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Vibration - 974 entries found

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  • Vibration

2005

CIS 06-13
Health and Safety Executive
Hand-arm vibration: Advice for employees
This pocket card provides advice for users of hand-held powered work equipment on controlling exposure to hand-arm vibration. It briefly describes health hazards (symptoms of hand-arm vibration syndrome and carpal tunnel syndrome), tools and equipment involving a risk and methods for reducing vibration.
HSE Books, P.O. Box 1999, Sudbury, Suffolk CO10 2WA, United Kingdom, 2005. Folded card.
http://www.hse.gov.uk/pubns/indg296.pdf [in English]

CIS 06-12
Health and Safety Executive
Control the risks from hand-arm vibration - Advice for employers on the Control of Vibration at Work Regulations 2005
This booklet provides advice to employers on legal requirements for controlling the risks from hand-arm vibration. Contents: health effects of hand-arm vibration; jobs and tools involving a risk; legal duties; vibration exposure limits; risk assessment; estimating exposure; duties of manufacturers and suppliers; risk control; health surveillance; information and training. Replaces CIS 98-1458.
HSE Books, P.O. Box 1999, Sudbury, Suffolk CO10 2WA, United Kingdom, rev. ed., 2005. 20p. Illus. 5 ref.
http://www.hse.gov.uk/pubns/indg175.pdf [in English]

CIS 06-11
Health and Safety Executive
Drive away bad backs - Advice for mobile machine operators and drivers
This pocket card provides brief guidance to mobile machine operators and drivers on avoiding back pain caused by driving for a long time in a poorly adjusted seat, jolting and jarring from rough roads (whole-body vibration) and manual handling.
HSE Books, P.O. Box 1999, Sudbury, Suffolk CO10 2WA, United Kingdom, 2005. Folded card.
http://www.hse.gov.uk/pubns/indg404.pdf [in English]

CIS 06-10
Health and Safety Executive
Control back-pain risks from whole-body vibration - Advice for employers on the Control of Vibration at Work Regulations 2005
This booklet provides guidance for employers on the legal requirements for managing the risk of back pain in operators exposed to whole-body vibration in off-road mobile machinery, agricultural vehicles or industrial trucks. Contents: health effects of whole-body vibration; persons at risk; legal duties of employers (vibration exposure limits); risk assessment; exposure evaluation; duties of manufacturers and suppliers; risk control; information and training; health monitoring. Replaces CIS 98-293.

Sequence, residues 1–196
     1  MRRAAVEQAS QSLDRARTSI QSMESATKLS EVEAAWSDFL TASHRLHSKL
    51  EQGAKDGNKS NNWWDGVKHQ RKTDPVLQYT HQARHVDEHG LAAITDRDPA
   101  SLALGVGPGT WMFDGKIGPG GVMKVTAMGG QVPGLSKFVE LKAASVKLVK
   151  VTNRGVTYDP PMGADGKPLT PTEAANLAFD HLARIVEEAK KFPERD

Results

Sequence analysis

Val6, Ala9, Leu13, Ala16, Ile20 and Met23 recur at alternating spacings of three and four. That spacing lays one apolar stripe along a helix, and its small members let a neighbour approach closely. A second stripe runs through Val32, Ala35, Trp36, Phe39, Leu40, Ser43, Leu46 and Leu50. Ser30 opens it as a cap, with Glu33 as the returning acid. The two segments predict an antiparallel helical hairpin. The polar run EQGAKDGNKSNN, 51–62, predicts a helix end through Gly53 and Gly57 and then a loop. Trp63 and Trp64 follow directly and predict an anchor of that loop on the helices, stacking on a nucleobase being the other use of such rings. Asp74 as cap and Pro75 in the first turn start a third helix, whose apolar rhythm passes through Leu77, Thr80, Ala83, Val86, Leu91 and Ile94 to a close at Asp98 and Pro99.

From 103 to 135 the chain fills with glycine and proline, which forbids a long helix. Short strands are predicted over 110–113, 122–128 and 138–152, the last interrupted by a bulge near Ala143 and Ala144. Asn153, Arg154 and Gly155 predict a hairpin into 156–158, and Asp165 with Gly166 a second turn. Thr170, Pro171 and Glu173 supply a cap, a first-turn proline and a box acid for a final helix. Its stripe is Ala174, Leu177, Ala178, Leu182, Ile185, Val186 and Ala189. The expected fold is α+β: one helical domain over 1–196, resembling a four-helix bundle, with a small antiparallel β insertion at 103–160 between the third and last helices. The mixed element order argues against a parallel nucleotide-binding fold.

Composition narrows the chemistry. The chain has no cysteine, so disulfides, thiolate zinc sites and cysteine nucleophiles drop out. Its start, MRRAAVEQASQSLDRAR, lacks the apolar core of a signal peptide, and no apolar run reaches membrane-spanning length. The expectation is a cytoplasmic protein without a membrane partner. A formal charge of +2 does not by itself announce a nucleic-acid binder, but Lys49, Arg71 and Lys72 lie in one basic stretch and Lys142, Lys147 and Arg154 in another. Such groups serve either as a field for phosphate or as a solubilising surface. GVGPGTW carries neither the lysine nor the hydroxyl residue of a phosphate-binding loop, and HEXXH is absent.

HSE Books, P.O. Box 1999, Sudbury, Suffolk CO10 2WA, United Kingdom, rev. ed., 2005. 14p. Illus. 5 ref.
http://www.hse.gov.uk/pubns/indg242.pdf [in English]

CIS 05-442 Scarlett A.J., Price J.S., Semple D.A., Stayner R.M.
Health and Safety Executive
Whole-body vibration on agricultural vehicles: Evaluation of emission and estimated exposure levels
This study was conducted to quantify estimated whole-body vibration (WBV) emissions of a range of modern agricultural vehicles (tractors, self-propelled sprayers and all-terrain vehicles), when operated in controlled conditions (on ISO vibration test tracks and performing a range of normal agricultural operations). The potential consequences of WBV operator exposure level limitations, prescribed by the European Physical Agents (Vibration) Directive 2002, on agricultural vehicle usage patterns in the United Kingdom were also considered. It was found that most of the vehicles tested result in daily exposures exceeding the exposure action values specified in the Directive, thereby requiring employers to implement measures to reduce worker vibration exposure.
HSE Books, P.O. Box 1999, Sudbury, Suffolk CO10 2WA, United Kingdom, 2005. xiv, 231p. Illus. 24 ref. Price: GBP 35.00. Downloadable version free of charge.
http://www.hse.gov.uk/research/rrpdf/rr321.pdf [in English]

2004

CIS 08-449 Malchaire J.
Hand-arm vibration
Vibrations mains-bras [in French]
Hand-arm trillingen [in Dutch]
New Belgian and European regulations on vibrations require that each enterprise avoid or minimize workers' exposures to this risk factor. Aimed at employers, safety and health consultants, members of safety and health committees and occupational physicians, this guide presents a four-step safety and health approach involving screening, observation, analysis and expertise, which should allow to better avoid and address the hazards related to hand-arm vibration. It includes a series of sheets aimed at helping carry out the observation, analysis and expertise phases of the approach.